Nathaniel calls our attention to Bishop Trautman’s difficulties with the word ineffable as reported in the Erie Times-News. The same newspaper article relates the following:
Trautman called parts of the proposed translation “archaic” and “just clumsy language.” One proposed change, for the first week in Advent, would replace “old way of life” with “ancient bondage,” the Erie bishop said. “Ancient bondage” is very ambiguous and not clear enough to the people,” he said.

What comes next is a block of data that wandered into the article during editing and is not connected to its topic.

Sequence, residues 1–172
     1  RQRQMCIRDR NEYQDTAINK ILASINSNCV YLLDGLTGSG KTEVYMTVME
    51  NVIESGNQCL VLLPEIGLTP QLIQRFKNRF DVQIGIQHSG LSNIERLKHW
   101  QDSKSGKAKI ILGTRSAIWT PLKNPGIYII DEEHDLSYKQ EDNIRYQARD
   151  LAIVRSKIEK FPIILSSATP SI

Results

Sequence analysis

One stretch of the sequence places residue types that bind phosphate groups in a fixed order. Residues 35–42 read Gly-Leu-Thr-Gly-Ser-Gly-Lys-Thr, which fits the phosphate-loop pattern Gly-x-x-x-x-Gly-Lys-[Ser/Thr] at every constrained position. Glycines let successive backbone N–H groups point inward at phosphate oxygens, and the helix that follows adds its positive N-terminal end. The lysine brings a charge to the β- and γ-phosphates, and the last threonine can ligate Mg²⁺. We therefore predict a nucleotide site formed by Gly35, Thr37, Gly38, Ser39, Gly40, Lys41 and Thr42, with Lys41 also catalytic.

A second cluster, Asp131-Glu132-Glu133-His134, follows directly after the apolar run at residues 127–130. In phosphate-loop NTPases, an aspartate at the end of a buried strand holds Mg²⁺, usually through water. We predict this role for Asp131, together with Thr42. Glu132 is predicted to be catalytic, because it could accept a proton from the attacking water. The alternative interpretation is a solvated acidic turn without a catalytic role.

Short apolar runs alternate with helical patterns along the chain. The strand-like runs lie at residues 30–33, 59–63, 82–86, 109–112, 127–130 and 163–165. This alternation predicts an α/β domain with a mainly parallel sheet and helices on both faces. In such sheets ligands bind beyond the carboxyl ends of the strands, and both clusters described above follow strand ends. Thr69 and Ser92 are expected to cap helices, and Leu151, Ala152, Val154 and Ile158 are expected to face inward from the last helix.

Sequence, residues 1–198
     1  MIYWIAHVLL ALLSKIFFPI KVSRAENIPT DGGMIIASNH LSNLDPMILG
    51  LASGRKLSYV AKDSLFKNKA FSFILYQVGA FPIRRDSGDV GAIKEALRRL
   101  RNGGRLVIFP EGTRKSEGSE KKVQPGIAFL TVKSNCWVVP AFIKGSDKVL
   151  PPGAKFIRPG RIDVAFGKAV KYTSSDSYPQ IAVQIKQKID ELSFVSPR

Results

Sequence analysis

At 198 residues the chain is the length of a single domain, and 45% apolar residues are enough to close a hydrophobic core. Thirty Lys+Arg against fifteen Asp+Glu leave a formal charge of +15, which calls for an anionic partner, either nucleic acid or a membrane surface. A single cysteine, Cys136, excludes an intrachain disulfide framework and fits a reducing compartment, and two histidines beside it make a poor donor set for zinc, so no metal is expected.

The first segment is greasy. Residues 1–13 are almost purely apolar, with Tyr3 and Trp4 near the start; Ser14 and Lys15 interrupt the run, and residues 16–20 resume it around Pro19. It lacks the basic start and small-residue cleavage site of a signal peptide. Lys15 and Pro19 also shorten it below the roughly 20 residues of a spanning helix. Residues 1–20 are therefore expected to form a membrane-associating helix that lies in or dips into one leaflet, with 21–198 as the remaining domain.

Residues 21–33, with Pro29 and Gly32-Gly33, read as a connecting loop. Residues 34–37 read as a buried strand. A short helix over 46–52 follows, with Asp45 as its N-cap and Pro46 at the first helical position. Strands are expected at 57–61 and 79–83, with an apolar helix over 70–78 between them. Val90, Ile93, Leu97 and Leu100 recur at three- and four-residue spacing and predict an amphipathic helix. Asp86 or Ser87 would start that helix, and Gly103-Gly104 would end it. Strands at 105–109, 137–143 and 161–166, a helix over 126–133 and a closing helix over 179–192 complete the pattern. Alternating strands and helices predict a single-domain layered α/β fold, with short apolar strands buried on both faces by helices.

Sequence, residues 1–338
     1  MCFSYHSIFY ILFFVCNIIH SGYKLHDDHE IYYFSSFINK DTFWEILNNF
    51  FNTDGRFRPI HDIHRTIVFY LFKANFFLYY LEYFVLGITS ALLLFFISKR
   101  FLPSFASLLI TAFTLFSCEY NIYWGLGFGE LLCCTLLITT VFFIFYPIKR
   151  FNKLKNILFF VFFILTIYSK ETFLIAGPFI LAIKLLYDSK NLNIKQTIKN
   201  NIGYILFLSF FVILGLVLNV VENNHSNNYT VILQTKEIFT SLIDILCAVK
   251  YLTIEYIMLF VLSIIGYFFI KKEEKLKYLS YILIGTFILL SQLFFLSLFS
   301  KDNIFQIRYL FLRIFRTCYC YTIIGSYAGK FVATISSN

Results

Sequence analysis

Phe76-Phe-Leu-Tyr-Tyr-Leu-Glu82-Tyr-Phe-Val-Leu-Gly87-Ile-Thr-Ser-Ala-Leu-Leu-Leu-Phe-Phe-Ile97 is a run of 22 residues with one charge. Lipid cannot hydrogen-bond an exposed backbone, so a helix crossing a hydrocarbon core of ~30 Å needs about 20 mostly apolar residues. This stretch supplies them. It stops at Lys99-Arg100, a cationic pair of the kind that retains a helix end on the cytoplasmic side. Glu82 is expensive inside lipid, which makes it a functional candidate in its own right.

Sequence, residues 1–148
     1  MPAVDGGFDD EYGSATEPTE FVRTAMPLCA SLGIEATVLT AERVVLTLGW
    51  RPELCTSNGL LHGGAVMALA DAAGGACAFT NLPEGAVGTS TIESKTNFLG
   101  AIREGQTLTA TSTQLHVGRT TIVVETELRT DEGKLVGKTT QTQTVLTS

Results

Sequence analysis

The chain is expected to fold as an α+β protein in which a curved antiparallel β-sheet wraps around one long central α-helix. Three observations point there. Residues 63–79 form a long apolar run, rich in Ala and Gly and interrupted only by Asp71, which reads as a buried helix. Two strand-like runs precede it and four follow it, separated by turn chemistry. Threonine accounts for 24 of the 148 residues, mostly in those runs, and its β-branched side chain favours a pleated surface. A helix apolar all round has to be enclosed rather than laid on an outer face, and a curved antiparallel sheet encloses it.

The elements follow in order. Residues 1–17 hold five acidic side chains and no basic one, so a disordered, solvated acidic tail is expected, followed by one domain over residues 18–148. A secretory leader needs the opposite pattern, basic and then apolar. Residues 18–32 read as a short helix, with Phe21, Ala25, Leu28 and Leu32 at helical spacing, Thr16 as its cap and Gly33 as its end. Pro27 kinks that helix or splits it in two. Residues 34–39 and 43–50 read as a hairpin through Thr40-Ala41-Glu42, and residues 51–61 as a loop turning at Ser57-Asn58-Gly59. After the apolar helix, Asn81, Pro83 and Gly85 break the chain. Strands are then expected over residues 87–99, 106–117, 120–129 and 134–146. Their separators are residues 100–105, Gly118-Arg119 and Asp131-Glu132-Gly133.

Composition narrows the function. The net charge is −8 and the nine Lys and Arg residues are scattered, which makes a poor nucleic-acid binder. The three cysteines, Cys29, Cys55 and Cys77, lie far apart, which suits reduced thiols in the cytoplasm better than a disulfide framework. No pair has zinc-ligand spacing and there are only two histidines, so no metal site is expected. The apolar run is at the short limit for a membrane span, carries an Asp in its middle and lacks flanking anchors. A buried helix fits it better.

It strikes me that the phrase “ancient bondage” conveys much more than “old way of life.” In fact, there is a remarkable amount of doctrine packed into those two little words. They remind us what was wrong with our old way of life, namely that we were in bondage to sin, enslaved by the devil. They remind us not only that our way of life was wrong but that we were powerless to escape it, and therefore needed to be rescued from it — in other words, that we needed a savior. They remind us that this bondage goes way back, indeed back to the very beginning of mankind. That small phrase contains the whole Exodus story and the whole story of redemption. Bishop Trautman would prefer an airy phrase that could be referring to nothing more than a change of occupation.